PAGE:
Part of the great political reform programme to be generated from the Commons will entail a head-to-head with Government. The aim, as I have said before, is not the Romantic one of trying to move back to the 1860s when MPs made and unmade Governments and were seen as great initiators of legislation. That was the age when only 3% of males had the vote.
Responsible government – in the sense of governments being held to account by voters – necessarily entails party Government. Trying to go back to a pre-party age will drive the reform programme into a cul-de-sac.
The aim of the Commons must be to ensure that the Government’s programme is better prepared and, to use that horrible phrase, “fit for purpose”. There will always be emergencies to which a Government must react. But outside this narrow area all legislative proposals should start with the publication of a green paper which:
• Explains why the measure is necessary.
• Justifies why the new measures cannot be achieved under existing legislation.
• Sets out the reasons why Ministers believe the option they are proposing is the right one.
• Analyses the costs, benefits and risks of the different options that have been considered.
• Lists the discussions that have already taken place and the timetable for further discussion.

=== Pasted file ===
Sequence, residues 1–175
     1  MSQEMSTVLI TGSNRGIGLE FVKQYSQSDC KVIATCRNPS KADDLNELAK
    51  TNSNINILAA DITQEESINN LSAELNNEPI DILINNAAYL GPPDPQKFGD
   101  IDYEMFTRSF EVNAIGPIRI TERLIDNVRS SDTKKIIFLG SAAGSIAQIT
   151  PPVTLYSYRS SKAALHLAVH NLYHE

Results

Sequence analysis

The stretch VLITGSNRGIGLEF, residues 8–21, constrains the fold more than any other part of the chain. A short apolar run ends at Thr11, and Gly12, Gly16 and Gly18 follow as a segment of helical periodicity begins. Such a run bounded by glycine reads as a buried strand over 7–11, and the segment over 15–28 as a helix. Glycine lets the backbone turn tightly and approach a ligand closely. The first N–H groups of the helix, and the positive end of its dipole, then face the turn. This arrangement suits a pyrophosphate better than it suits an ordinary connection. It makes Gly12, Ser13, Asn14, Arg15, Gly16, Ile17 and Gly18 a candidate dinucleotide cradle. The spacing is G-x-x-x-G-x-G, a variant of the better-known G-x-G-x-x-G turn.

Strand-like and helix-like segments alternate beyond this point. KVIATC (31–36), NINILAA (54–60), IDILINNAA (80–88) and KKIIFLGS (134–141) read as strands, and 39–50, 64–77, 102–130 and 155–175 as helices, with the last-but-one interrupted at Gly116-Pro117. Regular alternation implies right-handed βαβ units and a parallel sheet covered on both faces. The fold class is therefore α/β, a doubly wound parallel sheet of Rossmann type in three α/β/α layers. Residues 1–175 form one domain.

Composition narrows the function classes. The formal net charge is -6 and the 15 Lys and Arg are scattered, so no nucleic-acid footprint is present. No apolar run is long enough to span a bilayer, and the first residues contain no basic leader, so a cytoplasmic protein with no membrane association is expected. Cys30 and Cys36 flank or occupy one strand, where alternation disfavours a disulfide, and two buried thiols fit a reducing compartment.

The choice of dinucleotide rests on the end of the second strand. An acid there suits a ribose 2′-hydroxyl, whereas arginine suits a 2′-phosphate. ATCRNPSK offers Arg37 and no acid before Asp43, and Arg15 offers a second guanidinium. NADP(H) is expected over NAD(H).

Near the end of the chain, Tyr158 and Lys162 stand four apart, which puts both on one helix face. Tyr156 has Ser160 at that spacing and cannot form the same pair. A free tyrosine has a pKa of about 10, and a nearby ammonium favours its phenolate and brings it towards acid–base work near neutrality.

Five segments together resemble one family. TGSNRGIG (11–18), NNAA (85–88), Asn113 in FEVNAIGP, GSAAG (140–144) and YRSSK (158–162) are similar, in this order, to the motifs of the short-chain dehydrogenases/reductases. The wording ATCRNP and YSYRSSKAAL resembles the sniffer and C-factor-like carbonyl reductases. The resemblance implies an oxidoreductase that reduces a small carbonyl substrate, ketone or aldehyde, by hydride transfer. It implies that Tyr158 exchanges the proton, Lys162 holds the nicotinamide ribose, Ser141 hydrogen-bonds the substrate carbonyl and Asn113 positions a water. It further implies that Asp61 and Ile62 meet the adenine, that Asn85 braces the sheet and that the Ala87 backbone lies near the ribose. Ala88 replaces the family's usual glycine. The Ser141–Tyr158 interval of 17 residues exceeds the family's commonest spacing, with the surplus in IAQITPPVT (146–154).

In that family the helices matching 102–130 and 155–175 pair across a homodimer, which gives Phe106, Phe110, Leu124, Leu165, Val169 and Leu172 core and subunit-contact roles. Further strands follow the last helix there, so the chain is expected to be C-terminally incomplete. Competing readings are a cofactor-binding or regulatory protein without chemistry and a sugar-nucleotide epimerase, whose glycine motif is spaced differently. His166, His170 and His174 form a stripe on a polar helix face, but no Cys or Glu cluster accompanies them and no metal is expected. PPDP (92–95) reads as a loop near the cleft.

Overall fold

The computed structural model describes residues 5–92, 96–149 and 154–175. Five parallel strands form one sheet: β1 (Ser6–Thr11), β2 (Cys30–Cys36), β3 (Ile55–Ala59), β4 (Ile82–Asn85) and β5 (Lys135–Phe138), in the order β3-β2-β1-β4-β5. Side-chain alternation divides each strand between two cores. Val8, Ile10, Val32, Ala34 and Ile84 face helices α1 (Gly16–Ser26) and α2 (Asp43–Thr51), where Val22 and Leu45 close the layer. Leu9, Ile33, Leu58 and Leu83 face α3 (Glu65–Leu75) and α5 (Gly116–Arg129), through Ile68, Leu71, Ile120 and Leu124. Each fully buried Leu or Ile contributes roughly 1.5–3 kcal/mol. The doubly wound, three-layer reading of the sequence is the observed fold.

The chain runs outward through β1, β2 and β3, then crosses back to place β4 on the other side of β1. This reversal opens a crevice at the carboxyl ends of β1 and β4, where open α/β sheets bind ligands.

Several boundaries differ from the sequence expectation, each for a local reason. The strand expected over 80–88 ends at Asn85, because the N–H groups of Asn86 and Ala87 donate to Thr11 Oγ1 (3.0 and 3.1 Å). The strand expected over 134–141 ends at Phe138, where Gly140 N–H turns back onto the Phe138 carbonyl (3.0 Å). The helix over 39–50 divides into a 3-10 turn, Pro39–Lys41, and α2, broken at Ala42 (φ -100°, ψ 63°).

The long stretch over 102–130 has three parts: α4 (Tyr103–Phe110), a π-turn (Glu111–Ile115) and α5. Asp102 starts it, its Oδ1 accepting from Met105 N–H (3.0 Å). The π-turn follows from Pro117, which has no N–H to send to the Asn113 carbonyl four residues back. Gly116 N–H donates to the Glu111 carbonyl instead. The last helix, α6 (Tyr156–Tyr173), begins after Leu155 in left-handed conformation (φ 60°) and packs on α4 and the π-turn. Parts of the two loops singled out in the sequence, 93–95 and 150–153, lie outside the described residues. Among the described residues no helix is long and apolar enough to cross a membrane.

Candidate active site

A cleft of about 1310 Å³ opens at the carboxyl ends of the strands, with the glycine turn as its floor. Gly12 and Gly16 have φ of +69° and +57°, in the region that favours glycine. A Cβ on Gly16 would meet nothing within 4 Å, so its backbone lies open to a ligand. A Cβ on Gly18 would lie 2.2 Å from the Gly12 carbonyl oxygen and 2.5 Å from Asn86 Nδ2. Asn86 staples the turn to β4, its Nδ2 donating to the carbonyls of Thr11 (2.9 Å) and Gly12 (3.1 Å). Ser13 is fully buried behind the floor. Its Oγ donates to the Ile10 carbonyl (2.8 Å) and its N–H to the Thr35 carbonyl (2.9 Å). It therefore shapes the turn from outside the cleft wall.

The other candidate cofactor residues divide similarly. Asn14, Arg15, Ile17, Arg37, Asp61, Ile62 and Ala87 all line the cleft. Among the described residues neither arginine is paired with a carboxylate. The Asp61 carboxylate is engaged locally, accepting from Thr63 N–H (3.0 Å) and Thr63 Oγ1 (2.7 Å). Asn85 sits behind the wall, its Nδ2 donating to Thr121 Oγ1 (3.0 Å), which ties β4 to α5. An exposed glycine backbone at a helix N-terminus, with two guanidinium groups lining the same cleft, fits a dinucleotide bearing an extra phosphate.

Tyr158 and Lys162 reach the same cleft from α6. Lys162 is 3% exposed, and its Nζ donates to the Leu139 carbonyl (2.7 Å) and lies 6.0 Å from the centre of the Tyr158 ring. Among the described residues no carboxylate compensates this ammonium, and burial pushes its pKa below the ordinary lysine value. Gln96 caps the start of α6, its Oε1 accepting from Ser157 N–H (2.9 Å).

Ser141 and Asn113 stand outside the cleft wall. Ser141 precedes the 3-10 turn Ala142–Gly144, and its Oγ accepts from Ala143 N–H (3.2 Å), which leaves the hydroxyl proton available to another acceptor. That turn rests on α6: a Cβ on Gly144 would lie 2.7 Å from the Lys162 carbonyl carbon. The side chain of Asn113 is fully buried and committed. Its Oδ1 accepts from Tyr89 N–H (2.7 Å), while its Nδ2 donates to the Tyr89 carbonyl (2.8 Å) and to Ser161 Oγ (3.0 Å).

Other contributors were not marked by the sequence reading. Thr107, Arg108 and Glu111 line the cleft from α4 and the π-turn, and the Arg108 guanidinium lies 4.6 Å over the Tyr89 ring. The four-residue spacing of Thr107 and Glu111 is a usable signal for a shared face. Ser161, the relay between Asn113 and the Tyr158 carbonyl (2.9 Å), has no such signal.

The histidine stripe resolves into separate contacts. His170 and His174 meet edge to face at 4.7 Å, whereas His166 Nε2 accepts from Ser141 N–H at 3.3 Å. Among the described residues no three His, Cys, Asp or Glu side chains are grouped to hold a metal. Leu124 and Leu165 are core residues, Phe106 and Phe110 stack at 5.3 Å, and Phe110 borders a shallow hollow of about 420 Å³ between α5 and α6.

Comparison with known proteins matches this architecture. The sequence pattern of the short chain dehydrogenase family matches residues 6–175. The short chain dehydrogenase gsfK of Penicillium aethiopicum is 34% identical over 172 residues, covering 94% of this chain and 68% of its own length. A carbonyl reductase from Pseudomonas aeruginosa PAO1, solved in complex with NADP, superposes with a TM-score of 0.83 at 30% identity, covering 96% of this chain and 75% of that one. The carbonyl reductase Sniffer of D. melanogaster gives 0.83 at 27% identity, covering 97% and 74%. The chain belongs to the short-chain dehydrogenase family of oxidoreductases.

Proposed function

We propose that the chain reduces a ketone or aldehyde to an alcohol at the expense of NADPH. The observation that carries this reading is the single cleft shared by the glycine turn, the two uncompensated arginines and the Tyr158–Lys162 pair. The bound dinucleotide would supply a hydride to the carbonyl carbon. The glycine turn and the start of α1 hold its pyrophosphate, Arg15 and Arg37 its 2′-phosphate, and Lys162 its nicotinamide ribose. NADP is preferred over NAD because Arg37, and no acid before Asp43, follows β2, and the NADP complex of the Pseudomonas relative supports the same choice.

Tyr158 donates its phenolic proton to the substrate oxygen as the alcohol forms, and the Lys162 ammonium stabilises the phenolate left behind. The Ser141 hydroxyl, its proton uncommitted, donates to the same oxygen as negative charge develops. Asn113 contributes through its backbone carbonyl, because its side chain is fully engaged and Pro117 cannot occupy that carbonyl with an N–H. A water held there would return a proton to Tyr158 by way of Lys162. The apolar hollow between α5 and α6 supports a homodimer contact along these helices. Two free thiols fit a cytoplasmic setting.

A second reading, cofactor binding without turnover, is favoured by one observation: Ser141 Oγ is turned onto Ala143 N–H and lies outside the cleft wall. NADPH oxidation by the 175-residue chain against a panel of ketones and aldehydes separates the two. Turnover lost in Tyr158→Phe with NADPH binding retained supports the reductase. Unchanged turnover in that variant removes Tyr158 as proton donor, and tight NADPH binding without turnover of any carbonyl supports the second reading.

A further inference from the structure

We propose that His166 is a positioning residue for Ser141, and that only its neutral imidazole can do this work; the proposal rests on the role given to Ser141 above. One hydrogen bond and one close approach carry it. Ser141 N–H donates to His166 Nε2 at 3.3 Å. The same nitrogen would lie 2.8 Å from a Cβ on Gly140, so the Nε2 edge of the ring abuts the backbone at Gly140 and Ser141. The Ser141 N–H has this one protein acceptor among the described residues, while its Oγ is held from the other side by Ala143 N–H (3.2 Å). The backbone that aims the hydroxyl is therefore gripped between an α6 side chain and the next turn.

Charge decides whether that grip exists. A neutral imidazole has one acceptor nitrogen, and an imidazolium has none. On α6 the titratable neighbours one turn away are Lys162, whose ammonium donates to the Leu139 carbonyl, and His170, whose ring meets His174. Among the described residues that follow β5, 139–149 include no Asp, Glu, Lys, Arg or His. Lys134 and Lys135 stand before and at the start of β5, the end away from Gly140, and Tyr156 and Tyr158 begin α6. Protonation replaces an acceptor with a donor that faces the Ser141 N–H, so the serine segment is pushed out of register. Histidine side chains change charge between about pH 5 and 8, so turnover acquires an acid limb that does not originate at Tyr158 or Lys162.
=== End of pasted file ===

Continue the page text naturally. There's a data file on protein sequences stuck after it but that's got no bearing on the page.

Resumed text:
• Invites the relevant select committee to help shape the main parts of the Bill.
• Gives a timetable when the Commons might expect a Bill.
There is nothing revolutionary here. Much of this was agreed by the House in 1997 following the Scott report, but never implemented
The House also needs to establish a Committee of equal weight to the Public Accounts Committee which would be concerned exclusively with the Government budget, its size and the main headings of expenditure. This new Committee is urgently needed for reasons I have explained elsewhere. This reform is urgent if the Commons is to play its role in helping the Government shift, over the short to medium term, the record levels of debt it needs to market.
One of the other necessary reforms I have already mentioned in the establishment of a Business Committee which sanctions the Commons’ timetable. This Committee would be responsible for ensuring that all Government measures are properly debated and amended by the weight of argument. But it would also be responsible for delivering back to Government its Bills on an agreed timetable.
The Business Committee would also be responsible for ensuring that Select Committee reports are properly debated soon after publication. It would also timetable space for Select Committees to introduce legislation resulting from their reports.
But the overall aim of the Committee should not be more, but less legislation, and of course better legislation.